How to become a tattoo artist?

Are you thinking about starting a career in the tattoo industry or maybe have a passion for art, and thinking of exploring your possibilities further? If becoming a tattoo artist is something that you are considering, have a look at this article, where we talk about common ways to become a tattoo artist.

Blog author
Ink Public Team
October 4 2021

Tattooing is not for everyone, but those who choose the tattoo life are often very happy with it. If you, too, are considering joining this life path and lifestyle, there are some ways you can go about it. Everyone has a different tattoo start and especially journey, but in this article, you will find the most common path to become a tattoo artist and some obstacles that may come with it. 

 

Artistic background and building a portfolio

 

You probably already know that you might need to have an inclination towards the arts to become a tattoo artist. Tattooing requires a lot of sketches for clients, flash tattoos, and some general artwork. If you’re not that proficient, doodling, online classes, or tracing might help you get started!

 

The next step you might want to take is building a portfolio. When you are applying for apprenticeships or marketing, a portfolio might help you quite a lot. Finding your best pieces and diversifying the styles and objects present in the portfolio will help you form a good impression. It helps to portray your style and proficiency level and abilities. Building a solid portfolio may also indicate your potential place of apprenticeship that you are serious about beginning your career in the tattoo industry and consistent. 

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Finding a mentor

 

After you build a solid artistic base, you might want to begin your search for a mentor, an artist you would like to work under, and get to know the craft.

 

A great place to start is scouting the artists near you and looking through their social media. Tattoo artists most often post their work on their Facebook or Instagram pages for most to see. There, you can get a sense of their aesthetic and proficiency. If you have decided what kind of style of tattooing you want to master, it can be one of the criteria you look for in a mentor. Since every tattooing style is different and requires different techniques, a mentor that tattoos in the same style as you would like to in the future would help you a lot in building your skillset.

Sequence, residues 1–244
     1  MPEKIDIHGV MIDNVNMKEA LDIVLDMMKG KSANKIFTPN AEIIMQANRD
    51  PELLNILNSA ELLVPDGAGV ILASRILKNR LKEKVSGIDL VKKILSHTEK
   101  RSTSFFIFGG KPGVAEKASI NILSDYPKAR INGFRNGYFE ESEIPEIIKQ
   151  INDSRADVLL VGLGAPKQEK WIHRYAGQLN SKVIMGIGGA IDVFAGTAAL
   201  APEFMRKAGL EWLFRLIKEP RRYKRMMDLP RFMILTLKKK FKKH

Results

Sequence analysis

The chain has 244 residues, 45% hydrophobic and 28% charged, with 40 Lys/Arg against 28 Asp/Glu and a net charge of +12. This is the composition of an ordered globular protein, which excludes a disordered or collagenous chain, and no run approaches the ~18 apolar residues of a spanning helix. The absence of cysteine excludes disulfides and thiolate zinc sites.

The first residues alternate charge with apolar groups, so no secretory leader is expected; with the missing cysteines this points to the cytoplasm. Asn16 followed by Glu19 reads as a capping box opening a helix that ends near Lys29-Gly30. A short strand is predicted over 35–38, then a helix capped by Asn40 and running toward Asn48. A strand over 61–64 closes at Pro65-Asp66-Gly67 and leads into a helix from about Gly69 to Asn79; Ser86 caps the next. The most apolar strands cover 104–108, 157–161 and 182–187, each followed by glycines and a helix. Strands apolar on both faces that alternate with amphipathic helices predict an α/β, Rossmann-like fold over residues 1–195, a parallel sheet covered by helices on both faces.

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Applying for an apprenticeship and licensing

 

The best way to learn how to ink the skin is under the supervision of experienced artists. One way to achieve this is to apply and get an apprenticeship in a tattoo studio. You can find a listing online from a studio looking for an apprentice and apply there. Another option is to actively seek out artists or tattoo shops in which you would like to work in. That way, there is a chance that you will get an apprenticeship in a studio that fits the style that you want to tattoo in the future! In this process, you might want to use the portfolio you build beforehand to showcase your skills and determination.

 

During your apprenticeship, you will most likely work for free. Most of your duties will include setting up the stations, stocking up the supplies, getting food for the artists, and generally making sure that everybody is happy in the studio. However, how the apprenticeship is set out often depends on the studio, you end up working at. Additionally, apprenticeships can vary by time - you might finish your training in 6 months, or it can take up to a year.

 

According to UK law, the premises operating hold a valid tattooing license, so that would cover you as well. However, a little side note for those who are considering working as a mobile tattoo artist - you will need to apply for a license to do so.

 

Getting your equipment

 

When you are ready to start tattooing, you will have to buy your equipment. You can get it in tattoo conventions or specialised stores. The most basic supplies are a tattoo machine, needles, and grips. What else will you need will vary depending on what kind of equipment your tattoo studio offers. 

 

When you start tattooing, it will most likely be on fake skin or yourself for a start. Moving forward, you will presumably tattoo for free to practice and start building up your client base little by little. 

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Building your clientele - marketing and customer service

 

The next step to becoming an established tattoo artist is building your clientele base and marketing your work online. For marketing, there are great tools you can learn to use online, as there are excellent advertising opportunities for tattooists, and mastering social media is a must! To do so, finding a podcast, a course, or getting some tips from already established artists is a great start. Planning out your posts, getting client reviews can help.

 

As your career progresses and you move towards an appointment-only schedule, you might want to consider investing in a booking platform. That way, you can reach your customers quickly and look over your appointments. It is a great planning tool that can help you stay on top of your sketches, consultations, and tattoo sessions!

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